June 21, 2012 by Sarah M
By Nick Halter
The family who owns the property where a proposed Trader Joe’s would be located in Lyn-Lake said today that unless the Minneapolis City Council on Friday has a surprise change of heart, the project is likely dead.
“Most likely it is dead,” said Jeff Minea, who represents the family owning the parcels at 27th and Lyndale Avenue South. “There is very little that we anticipate that could happen differently. Part of it is there are complications with the people next door at Art Materials. We were going to buy their property and they can’t wait around forever.”
The city’s Zoning and Planning Committee on June 21 voted 6-0 against the project’s request to rezone several parcels of property at 27th and Lyndale Avenue South in order to build a 14,000 square foot grocery store with a liquor store inside.
Technically, the City Council could reverse the committee’s decision when it meets June 29, but it’s not likely the 13-member council will override a unanimous committee decision.
The developers of the project met five times with the Lowry Hill East Neighborhood Association but never won support from the group. They did, however, get support from both the Minneapolis Planning Commission and city planners.
Trader Joe’s needed to be rezoned from a C1 to a C2. A C1 zoning does not allow for a liquor store or a lot size over 20,000 square feet. The Trader Joe’s lot would have been 40,000 square feet.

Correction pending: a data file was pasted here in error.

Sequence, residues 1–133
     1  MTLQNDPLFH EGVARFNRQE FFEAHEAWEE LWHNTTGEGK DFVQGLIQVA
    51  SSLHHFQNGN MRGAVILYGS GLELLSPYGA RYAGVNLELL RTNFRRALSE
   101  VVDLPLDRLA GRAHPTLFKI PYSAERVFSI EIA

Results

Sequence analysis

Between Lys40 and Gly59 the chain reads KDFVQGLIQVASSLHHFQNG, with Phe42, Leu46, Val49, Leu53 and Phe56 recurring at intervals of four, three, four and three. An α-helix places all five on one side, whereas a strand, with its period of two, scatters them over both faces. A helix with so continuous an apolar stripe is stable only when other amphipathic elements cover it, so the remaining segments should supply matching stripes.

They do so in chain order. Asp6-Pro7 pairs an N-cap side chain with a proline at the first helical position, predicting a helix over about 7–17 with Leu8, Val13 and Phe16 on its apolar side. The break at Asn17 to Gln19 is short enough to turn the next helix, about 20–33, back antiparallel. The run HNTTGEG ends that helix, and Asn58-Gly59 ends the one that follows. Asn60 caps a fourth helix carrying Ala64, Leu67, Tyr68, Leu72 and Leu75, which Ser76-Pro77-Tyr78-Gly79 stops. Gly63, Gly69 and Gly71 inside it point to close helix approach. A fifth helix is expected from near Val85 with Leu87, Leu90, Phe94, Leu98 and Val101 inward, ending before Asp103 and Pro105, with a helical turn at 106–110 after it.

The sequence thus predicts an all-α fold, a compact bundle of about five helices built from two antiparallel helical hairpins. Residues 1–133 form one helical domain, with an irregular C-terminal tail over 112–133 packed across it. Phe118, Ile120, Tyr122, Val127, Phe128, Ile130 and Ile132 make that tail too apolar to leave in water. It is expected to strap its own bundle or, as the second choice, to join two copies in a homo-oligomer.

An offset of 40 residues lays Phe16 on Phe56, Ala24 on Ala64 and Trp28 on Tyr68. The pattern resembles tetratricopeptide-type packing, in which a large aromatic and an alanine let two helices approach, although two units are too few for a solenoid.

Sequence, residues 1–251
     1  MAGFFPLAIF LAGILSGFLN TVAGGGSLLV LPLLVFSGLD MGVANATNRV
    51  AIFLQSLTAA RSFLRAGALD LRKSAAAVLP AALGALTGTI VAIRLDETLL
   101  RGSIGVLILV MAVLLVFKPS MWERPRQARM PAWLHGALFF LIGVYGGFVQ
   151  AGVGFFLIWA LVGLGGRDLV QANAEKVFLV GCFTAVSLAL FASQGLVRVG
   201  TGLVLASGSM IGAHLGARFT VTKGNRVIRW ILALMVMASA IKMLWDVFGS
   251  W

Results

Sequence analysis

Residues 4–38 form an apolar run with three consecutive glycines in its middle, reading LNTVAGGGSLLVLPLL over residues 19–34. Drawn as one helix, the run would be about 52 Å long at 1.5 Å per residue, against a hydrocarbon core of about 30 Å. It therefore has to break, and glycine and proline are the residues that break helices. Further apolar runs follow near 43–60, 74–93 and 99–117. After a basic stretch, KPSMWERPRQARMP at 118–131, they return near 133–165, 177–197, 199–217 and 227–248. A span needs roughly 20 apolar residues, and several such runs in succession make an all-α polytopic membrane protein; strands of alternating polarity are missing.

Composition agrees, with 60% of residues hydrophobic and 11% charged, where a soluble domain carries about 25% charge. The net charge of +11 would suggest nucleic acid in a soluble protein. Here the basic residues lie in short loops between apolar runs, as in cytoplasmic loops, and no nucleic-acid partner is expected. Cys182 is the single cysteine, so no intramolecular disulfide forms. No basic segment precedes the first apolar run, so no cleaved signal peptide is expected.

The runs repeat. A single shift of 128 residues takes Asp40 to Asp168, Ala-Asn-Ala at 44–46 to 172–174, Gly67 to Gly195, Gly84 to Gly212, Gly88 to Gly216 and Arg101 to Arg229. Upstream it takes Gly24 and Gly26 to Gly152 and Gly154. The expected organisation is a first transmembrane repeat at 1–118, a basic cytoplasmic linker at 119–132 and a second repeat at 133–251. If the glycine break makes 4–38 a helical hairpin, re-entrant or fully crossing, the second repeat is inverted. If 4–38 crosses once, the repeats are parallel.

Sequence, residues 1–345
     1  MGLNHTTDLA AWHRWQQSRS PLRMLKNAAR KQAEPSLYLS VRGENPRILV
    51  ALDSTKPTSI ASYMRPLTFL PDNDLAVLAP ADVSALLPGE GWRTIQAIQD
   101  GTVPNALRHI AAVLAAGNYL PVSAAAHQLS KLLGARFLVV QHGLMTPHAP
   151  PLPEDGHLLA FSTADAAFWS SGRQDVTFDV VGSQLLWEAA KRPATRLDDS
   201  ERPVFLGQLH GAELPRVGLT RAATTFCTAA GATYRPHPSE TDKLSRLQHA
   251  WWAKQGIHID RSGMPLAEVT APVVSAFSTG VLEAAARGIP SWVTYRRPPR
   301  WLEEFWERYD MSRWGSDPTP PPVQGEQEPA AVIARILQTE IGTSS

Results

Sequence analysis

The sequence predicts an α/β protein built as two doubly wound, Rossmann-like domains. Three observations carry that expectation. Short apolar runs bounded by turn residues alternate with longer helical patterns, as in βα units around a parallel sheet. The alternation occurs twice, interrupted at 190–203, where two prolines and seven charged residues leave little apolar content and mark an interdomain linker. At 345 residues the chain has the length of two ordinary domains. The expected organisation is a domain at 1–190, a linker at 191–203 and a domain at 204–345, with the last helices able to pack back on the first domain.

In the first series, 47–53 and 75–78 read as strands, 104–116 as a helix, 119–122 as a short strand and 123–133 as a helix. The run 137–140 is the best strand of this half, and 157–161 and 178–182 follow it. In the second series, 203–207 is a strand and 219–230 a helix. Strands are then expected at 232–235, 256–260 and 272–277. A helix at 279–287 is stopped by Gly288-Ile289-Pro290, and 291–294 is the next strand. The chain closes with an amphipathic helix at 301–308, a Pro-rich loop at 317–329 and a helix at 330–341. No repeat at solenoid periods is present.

Neighbors raised concerns over the project because it would demolish existing two-level buildings and replace them with a one-level building that included a 70-stall parking lot.
“There are already small businesses there that are thriving. This will displace them,” said Council Member Meg Tuthill, who represents the Lyn-Lake area. “I personally consider (this request) spot zoning.”
Trader Joe’s has five Twin Cities locations, but this would have been the first in Minneapolis.
Minea said that while there are plenty of other places in the city for a grocery store holding a liquor license, his properties represented the only place in the immediate area that would meeting liquor store spacing requirements.